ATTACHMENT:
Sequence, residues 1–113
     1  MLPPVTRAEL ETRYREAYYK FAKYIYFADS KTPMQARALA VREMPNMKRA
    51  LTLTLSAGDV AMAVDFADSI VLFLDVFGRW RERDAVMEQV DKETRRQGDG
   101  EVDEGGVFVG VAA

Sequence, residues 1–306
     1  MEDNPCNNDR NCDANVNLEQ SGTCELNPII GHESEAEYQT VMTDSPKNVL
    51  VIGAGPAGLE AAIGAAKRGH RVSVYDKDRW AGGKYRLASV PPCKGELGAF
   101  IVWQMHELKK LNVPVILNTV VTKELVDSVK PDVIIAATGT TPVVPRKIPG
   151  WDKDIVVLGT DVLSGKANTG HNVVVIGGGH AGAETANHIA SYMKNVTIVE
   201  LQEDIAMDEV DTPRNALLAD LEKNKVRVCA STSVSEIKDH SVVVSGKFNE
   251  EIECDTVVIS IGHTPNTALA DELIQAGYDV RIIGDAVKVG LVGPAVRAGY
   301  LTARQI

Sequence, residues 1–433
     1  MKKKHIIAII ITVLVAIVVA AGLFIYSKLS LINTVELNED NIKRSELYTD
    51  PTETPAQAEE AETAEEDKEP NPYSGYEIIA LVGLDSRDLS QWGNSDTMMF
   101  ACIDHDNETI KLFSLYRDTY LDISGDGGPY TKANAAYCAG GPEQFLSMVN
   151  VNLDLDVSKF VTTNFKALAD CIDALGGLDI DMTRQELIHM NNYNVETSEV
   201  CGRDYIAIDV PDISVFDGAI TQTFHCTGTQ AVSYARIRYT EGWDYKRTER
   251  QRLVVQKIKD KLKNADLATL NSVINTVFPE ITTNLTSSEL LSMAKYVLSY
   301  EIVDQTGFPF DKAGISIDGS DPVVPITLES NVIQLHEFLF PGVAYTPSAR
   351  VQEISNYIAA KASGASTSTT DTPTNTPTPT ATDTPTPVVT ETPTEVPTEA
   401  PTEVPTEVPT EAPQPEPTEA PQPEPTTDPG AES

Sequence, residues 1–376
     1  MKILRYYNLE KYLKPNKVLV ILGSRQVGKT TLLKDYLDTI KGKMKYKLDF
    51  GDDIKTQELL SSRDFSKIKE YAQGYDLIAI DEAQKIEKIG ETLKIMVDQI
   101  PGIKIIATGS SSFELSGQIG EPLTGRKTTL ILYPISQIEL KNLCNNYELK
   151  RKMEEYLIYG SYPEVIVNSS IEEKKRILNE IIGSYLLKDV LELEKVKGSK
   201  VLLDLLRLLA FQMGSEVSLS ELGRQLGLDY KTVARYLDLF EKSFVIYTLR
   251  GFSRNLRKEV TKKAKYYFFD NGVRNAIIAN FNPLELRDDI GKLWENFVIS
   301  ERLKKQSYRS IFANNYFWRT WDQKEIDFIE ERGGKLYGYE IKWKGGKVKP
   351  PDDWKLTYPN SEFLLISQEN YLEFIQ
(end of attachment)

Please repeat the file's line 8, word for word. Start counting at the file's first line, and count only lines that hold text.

   101  IVWQMHELKK LNVPVILNTV VTKELVDSVK PDVIIAATGT TPVVPRKIPG